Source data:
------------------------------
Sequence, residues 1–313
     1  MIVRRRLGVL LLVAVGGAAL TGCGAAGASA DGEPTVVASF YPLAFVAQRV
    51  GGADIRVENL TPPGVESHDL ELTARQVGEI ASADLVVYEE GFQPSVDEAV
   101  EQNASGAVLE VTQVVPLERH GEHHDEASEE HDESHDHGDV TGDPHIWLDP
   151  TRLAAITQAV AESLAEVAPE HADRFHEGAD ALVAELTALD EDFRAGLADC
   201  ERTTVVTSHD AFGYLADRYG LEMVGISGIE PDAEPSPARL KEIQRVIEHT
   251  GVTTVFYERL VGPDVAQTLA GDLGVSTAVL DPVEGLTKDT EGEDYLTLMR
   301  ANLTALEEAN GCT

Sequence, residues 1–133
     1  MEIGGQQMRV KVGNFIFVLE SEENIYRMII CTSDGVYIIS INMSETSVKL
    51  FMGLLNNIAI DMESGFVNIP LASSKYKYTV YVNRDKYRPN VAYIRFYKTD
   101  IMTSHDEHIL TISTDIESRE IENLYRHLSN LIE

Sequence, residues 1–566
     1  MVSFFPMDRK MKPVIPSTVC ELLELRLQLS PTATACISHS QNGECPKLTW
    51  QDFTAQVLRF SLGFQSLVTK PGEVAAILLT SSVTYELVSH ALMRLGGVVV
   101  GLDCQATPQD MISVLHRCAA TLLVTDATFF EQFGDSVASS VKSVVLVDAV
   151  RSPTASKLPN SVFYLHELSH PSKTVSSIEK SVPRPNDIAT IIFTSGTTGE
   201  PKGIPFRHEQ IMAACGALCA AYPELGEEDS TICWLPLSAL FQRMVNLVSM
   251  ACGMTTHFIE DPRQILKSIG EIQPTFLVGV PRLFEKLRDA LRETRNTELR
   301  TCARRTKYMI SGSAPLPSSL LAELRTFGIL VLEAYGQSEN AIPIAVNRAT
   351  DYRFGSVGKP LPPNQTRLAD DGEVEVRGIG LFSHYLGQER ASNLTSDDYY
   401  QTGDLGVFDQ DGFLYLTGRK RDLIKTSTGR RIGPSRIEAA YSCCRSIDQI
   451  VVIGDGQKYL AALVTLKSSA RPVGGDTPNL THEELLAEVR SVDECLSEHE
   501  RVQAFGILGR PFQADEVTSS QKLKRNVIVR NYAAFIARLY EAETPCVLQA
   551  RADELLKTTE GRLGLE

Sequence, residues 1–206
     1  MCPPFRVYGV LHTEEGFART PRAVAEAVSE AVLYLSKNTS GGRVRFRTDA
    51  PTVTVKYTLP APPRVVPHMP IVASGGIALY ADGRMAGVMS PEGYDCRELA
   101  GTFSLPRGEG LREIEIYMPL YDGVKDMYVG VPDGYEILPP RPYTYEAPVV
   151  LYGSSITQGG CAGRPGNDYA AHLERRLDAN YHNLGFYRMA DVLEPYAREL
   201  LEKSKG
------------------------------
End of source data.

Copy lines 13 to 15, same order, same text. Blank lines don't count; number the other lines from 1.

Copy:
Sequence, residues 1–566
     1  MVSFFPMDRK MKPVIPSTVC ELLELRLQLS PTATACISHS QNGECPKLTW
    51  QDFTAQVLRF SLGFQSLVTK PGEVAAILLT SSVTYELVSH ALMRLGGVVV